I just finished Pete Townshend’s amazing autobiography, “Who Am I,” and there is so much information, so much insight into how a great artist’s mind works, that I didn’t quite know how to start my review.
So I put on one of my favorite Who songs, “Eminence Front.” It starts out with a synthesized drumbeat, very simple. Then sequenced synthesizers come in and set up a more frenetic rhythm. Then another synth joins the first. It’s the kind of thing that shouldn’t work, but it does because it was so meticulously done. An electric piano appears, adding some melody, there are little guitar accents tossed in for good measure, then BANG, in come the drums and the main riff. Add an ace guitar solo, then—after two minutes—Pete Townshend comes in singing.
This piece serves as a perfect metaphor for Pete Townshend’s adult life. Repeatedly, he starts with a kernel of an idea, adds to it layer by layer until it becomes something transcendent.
The Who are rock legends, with the combination of Roger Daltrey’s powerhouse vocals singing Pete Townshend’s lyrics. They had several pop/rock hits in the 1960’s. Then Townshend had the idea to do a rock opera. There was the kernel. The story of the deaf, dumb, and blind pinball wizard grew in his imagination. He carefully wrote the songs, orchestrated the arrangements, and made sure his idea was complete.
That became “Tommy.” Amazing songs: “Pinball Wizard,” “We’re Not Gonna Take It,” the list goes on. It became an instant classic.
A few years later, legendary director Ken Russell wanted to make a movie of “Tommy.” Once again, Pete Townshend went to work. He threw himself into writing more orchestrations for the film, working with Russell and the producers, helping with the cast, making sure it was complete.
That became the film, “Tommy,” a cult classic.
Later, Pete Townshend threw himself into bringing “Tommy” to the stage. Tons more work. Voila. A Tony-winning musical.
I single out “Tommy,” because it was a huge project for Pete Townshend at every step. He spent hours in his home studios, teaching himself piano, programming synthesizers, writing new orchestrations.
During the course of the labor-intensive “Tommy” projects—which spanned decades—Townshend managed to write songs for several Who albums (including another themed project, “Quadrophenia,” which also became a film and musical). He toured relentlessly, juggled marriage and fatherhood, sobriety and abuse, maintained his spirituality, wrote and developed solo projects, worked as an editor for a major London publisher, started various businesses, wrangled with lawyers and managers, developed new themed projects, worked with charities, and he was always downstairs in his studio, experimenting.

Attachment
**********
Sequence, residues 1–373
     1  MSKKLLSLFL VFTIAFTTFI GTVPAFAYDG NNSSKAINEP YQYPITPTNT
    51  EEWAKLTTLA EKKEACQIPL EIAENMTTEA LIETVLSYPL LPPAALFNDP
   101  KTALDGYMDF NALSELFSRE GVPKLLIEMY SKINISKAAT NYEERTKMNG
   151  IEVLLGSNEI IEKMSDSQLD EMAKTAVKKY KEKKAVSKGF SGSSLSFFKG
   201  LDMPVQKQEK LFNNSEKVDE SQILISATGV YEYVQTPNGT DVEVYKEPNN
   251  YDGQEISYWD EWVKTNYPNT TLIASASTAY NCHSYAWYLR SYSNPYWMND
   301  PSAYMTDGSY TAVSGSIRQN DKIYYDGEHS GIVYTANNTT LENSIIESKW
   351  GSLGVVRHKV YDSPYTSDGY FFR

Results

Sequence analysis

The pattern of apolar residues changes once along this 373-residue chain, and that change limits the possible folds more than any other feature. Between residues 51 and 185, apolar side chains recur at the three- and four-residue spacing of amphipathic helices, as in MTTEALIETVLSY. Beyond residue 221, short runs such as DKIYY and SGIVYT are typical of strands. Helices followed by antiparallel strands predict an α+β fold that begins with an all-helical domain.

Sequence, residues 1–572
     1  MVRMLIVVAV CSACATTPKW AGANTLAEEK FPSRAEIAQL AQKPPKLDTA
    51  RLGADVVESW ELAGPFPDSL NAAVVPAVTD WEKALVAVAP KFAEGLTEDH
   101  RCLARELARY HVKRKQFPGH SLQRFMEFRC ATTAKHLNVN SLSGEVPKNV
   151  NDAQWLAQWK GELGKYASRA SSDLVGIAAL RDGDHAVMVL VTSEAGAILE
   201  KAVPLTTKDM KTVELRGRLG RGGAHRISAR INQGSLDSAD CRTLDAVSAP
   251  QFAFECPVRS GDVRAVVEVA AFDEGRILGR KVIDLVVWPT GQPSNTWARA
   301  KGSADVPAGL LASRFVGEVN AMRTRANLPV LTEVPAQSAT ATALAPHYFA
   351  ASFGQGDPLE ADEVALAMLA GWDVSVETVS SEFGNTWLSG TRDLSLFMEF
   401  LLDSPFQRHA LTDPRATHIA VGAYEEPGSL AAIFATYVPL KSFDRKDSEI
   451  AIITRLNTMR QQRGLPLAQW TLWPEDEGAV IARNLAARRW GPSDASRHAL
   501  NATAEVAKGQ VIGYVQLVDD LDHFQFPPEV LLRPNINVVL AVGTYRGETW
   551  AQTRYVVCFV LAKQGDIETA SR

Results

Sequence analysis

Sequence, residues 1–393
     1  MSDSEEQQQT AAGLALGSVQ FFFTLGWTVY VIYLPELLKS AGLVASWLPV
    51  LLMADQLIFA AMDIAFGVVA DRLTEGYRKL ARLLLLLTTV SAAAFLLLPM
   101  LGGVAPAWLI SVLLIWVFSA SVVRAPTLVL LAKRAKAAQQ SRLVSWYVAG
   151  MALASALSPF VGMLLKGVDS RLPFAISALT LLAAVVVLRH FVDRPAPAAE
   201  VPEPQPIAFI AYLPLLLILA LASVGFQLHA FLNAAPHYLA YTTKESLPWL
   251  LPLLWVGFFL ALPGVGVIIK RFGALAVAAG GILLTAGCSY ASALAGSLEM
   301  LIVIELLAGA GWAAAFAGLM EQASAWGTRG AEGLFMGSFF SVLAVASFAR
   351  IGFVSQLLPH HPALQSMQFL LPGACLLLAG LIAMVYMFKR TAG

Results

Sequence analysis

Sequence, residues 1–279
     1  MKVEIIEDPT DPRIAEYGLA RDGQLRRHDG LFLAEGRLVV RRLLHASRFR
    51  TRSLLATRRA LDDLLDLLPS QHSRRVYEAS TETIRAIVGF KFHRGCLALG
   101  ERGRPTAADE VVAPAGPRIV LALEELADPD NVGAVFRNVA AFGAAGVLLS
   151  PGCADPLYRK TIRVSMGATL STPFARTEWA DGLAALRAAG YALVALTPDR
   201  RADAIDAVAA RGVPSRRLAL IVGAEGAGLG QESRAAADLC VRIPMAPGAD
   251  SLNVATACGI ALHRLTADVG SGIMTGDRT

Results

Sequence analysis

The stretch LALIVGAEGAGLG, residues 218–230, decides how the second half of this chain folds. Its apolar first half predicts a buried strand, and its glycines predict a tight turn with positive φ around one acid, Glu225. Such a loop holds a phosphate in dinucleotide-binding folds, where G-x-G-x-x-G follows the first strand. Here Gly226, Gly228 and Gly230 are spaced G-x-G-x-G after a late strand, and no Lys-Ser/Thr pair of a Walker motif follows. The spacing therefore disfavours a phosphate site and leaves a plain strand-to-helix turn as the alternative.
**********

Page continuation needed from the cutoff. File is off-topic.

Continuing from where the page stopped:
Pete Townshend makes your typical workaholic look like a slacker. I was utterly amazed at how many different projects the man could handle at the same time, and do them all remarkably well.
“Who I Am” isn’t just about work. Townshend takes us inside his long marriage to Kathy, and his joy in raising three children. We feel his heartbreak as his marriage falls apart, and he tries and fails to find true love again (ultimately, he does). He takes us on the road with The Who, through triumphs and bombs.
During his life, he lost some close friends. For years, Townshend watched Who drummer Keith Moon spiral deep into alcoholism; he was saddened but not surprised when he got the call that Moon had died. Townshend was crushed when bassist John Entwistle died while the band was on tour.
It was just Townshend and Roger Daltrey left from the original who. Pete Townshend speaks lovingly of Daltrey. They are like brothers who are close, but still have the odd spat.
Through all of the frenetic work, all of the projects, the songs, the tours, the musical experimentation, the one thing missing from Townshend’s life was true happiness. He was wealthy and famous, with a healthy family, but still he was driven to do more and more.
“Who Am I” was written by an older, contented, happy Pete Townshend. He is, as he puts it, “near three score and ten” years old, and he wears it well. He and his beloved make music, both alone and together, just for the sheer joy of it. Townshend is still busy with The Who and other projects, especially his charity work on behalf of cancer research, abused children, and many other worthy causes.
Over the years, he’s learned to be an epic songwriter, a tremendous musician, an excellent singer; he’s learned to be a businessman, a philanthropist, even a sailor.
Today, after all these years, the payoff is this: Pete Townshend has finally learned how to be Pete Townshend. Is that enough for him?
You better, you better, you bet.
(I received a review copy of this book from the publisher via NetGalley)